January 22, 2021 11 minutes to read ∙ 2500 words

What to Look for on the Balance Sheet Especially in Troubled Times

By Robert B. Dickie, Peter R. Russo, and Raymond P. Wilson

Reprinted with permission from Business Law Today, January 2021. ©2021 by the American Bar Association. All rights reserved. This information or any or portion thereof may not be copied or disseminated in any form or by any means or stored in an electronic database or retrieval system without the express written consent of the American Bar Association.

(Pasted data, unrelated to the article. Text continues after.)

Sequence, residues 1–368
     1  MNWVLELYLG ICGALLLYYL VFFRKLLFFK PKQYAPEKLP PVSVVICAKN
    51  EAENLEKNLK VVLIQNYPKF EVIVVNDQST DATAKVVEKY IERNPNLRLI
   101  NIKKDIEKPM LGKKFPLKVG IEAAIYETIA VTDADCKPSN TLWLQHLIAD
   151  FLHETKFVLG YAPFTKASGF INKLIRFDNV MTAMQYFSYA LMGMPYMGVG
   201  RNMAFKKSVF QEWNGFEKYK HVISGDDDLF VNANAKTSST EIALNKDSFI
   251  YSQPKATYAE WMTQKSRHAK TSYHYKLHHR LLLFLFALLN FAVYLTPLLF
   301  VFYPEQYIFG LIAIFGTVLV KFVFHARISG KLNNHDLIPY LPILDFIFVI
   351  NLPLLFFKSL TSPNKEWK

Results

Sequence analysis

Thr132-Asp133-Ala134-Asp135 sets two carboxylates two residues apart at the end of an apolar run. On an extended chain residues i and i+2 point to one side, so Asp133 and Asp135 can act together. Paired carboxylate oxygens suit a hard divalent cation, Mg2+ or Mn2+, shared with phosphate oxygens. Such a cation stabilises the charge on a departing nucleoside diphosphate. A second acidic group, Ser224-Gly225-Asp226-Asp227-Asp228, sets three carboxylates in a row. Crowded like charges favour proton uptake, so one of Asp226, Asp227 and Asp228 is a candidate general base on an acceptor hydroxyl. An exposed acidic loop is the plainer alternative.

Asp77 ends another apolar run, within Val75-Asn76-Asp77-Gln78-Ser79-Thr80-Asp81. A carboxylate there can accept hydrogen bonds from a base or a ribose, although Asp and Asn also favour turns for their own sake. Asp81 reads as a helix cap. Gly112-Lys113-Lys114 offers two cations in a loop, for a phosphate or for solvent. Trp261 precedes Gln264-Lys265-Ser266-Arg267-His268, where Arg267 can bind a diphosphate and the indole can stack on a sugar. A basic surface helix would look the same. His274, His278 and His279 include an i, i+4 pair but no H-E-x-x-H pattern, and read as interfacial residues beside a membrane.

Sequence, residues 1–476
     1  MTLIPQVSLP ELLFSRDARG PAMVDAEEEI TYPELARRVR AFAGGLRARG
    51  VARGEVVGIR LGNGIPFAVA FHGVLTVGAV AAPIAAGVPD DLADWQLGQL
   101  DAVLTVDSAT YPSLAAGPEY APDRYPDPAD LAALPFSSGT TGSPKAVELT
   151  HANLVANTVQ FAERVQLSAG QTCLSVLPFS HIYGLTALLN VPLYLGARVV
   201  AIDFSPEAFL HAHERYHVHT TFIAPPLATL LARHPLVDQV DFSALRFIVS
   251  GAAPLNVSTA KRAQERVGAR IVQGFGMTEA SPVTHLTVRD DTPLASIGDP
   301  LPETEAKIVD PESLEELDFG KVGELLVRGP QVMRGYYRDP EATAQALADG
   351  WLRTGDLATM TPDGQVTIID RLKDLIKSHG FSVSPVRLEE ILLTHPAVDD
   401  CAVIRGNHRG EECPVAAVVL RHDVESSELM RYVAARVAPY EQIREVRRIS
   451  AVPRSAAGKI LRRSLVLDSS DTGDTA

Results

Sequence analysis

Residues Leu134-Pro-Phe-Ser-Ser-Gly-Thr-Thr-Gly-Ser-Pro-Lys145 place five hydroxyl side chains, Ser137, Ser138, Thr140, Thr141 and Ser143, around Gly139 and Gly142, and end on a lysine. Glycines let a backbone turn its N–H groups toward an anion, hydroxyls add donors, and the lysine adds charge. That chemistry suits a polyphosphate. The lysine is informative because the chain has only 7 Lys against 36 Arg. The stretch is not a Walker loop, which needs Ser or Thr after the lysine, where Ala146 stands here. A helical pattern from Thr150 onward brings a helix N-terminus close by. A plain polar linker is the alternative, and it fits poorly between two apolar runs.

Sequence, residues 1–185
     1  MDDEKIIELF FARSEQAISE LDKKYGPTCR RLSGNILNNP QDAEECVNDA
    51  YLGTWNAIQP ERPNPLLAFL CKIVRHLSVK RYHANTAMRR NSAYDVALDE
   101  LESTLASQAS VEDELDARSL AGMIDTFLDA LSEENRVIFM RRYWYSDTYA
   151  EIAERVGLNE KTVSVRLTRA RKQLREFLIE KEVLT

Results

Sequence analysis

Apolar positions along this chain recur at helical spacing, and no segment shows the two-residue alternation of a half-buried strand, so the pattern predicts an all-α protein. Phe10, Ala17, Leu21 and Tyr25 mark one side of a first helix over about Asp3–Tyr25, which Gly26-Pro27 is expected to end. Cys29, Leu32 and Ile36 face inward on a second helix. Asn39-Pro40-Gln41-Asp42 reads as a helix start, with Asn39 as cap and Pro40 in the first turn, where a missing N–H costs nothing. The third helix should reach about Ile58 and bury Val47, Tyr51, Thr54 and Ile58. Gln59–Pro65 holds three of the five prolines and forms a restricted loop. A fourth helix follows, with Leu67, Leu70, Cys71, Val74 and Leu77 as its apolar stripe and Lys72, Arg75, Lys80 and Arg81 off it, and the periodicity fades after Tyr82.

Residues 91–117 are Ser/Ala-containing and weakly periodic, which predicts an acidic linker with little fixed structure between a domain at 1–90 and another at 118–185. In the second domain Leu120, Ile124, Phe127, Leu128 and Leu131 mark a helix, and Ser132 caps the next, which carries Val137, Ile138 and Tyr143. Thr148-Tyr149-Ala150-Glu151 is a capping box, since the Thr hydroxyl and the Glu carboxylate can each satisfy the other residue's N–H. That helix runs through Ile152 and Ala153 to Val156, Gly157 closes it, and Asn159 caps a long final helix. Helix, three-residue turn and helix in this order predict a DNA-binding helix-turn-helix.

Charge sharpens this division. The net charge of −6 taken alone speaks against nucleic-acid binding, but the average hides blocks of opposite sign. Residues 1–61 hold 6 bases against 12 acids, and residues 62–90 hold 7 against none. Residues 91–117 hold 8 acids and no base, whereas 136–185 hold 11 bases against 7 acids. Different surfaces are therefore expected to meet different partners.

There are three main financial statements—namely, the balance sheet, the income statement, and the cash flow statement. This article will discuss the balance sheet, also known as the statement of financial position. The balance sheet is a “snapshot” of a company’s position at a particular point in time. The report takes a simple approach: at any given moment, what you own (assets) less what you owe (liabilities) is what you are “worth” (shareholders’ equity). It’s important to note that “worth” for financial reporting purposes is very different from the market value of the company. Here, we simply mean worth from a reporting perspective.

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